If you suspect that your loved one is a victim of physical abuse in a nursing home, you might want to seek the legal services of a nursing home abuse lawyer. Residents of nursing homes are often placed in vulnerable positions due to their age and health and have protected rights.
Physical Abuse in Nursing Homes
According to the Centers for Disease Control and Prevention (CDC), physical abuse is the use of physical force or violence to cause acute or chronic illness, functional impairment, pain, injury, distress, or death. Physical abuse may include:
- Striking a resident with or without a weapon.
- Choking, suffocation, or blocking of airways.
- Hitting, kicking, or beating.
- Biting, scratching, pinching or burning.
- Pushing, shoving, shaking, or slapping.
- Punching, stomping, or beating.
Compared to other forms of abuse, physical abuse can lead to severe and even life-threatening injuries. Unfortunately, it is also more likely to go unnoticed due to the helplessness of the victims.
Types of Physical Abuse
Actions that constitute physical abuse of the elderly fall under one of three categories of elder mistreatment. According to HelpGuide, these include:
- Active abuse. This type of abuse is intentional. The perpetrator deliberately injures the victim or causes them to experience pain.
- Misuse of restraints. Outside of medical reasons, it is illegal, under federal laws, for nursing homes to use restraints. Yet, some facilities use restraints to discipline patients.
- Physical neglect. Failure to maintain a hygienic environment for patients to stay or provide adequate clothing, sufficient food, and liquids is a form of physical abuse. This is because general neglect can threaten the patient’s physical well-being.
Abusers in Nursing Homes
Generally, the perpetrators include the following groups of people.
- Nursing home caregivers. Typically, those directly responsible for the patient’s medical care and personal care are most likely to be violent toward them.
- Other residents. A resident can be physically abusive toward fellow residents in the absence of the staff and other family members. This is why nursing homes have a legal duty of care to create an environment free of harassment and violence.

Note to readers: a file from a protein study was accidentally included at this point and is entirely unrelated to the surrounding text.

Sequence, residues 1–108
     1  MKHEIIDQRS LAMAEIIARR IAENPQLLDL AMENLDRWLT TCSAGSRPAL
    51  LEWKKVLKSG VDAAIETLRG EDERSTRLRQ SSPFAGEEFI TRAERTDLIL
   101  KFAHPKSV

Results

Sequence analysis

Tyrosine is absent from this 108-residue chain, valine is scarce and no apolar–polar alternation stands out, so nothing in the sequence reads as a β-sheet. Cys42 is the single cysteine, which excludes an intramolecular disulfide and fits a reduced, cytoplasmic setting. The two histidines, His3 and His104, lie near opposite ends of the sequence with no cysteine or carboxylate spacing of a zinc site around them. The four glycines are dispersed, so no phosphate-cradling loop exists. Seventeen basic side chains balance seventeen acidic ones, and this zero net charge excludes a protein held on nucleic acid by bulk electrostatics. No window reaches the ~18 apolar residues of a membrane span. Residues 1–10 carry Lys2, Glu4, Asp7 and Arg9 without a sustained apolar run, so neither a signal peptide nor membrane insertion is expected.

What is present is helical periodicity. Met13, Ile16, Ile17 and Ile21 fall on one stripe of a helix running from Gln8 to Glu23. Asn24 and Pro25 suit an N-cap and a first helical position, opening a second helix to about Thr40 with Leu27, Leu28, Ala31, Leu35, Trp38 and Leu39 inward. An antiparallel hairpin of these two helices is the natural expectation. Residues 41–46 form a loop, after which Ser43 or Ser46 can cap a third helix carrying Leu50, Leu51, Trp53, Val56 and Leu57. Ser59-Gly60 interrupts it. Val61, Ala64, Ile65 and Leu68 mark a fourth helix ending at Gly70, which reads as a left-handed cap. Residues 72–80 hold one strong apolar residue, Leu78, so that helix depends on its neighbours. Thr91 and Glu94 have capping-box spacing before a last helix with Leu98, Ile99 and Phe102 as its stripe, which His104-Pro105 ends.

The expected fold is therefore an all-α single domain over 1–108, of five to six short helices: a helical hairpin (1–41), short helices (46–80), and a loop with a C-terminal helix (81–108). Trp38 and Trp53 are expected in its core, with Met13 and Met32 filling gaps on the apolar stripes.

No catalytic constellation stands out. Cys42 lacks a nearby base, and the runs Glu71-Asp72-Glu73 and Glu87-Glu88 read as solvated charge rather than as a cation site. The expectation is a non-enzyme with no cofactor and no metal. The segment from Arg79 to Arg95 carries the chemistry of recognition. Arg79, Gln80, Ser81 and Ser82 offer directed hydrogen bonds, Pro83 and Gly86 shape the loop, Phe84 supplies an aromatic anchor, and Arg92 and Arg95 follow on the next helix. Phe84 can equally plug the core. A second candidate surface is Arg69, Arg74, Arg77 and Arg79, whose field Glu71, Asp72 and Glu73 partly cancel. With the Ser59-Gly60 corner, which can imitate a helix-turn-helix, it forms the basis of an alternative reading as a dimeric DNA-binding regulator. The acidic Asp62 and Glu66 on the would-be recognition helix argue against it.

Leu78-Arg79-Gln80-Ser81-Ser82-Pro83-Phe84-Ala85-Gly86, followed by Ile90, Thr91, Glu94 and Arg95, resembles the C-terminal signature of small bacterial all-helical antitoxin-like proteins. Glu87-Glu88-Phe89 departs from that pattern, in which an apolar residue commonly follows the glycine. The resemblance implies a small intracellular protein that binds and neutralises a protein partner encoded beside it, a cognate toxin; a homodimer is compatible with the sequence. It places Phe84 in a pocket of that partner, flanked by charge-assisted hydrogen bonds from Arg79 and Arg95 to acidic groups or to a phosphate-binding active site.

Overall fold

- Family members. While this group mostly flies under the radar, they are in a unique position to commit acts of physical violence against a resident during visitation.
Signs Your Loved One May Be a Victim of Physical Abuse
Fortunately, the warning signs of physical abuse are much easier to spot than psychological, sexual, financial, and emotional abuse. They may include:
- Fractured bones and sprains.
- Depression and anxiety.
- Abrasions around the wrists and ankles.
- Black eyes.
- Scalding, cigarette burns, and other general evidence of burning.
- Recurring and unexplained injury.
- Dehydration, malnutrition, and substantial weight loss.
- Medical staff refuses to leave patient alone with family.
For a free legal consultation, call 800-201-3999
Holding Nursing Homes Liable for Physical Abuse
Nursing homes have a duty of care to provide a safe environment for residents. So, when a patient suffers physical abuse while in their care, they can be held accountable and ordered by the courts to pay compensation. A nursing home can be liable on the following grounds:
- Failure to investigate staff prior to hiring or train them properly.
- Failure to supervise staff and notice any ongoing abusive interactions.
- Failure to employ sufficient staff; this may cause employees to abuse residents out of being overworked and stressed.
- Failure to actively and effectively respond to claims of abuse.
Contact Pintas & Mullins Law Firm Today
Physical abuse of the elderly in nursing homes and assisted living facilities is unlawful. The abusers must be held accountable and made to pay damages. If you suspect that your loved one is a victim of physical abuse, you should hire our nursing home abuse lawyers.
We are on a mission to provide personal support and legal counsel. We will fight for justice for you or your loved one and pursue compensation. We work on a contingency basis, so you have nothing to lose since you pay nothing upfront and are charged only if we win your case. Call us at (800) 201-3999 to discuss your case for free.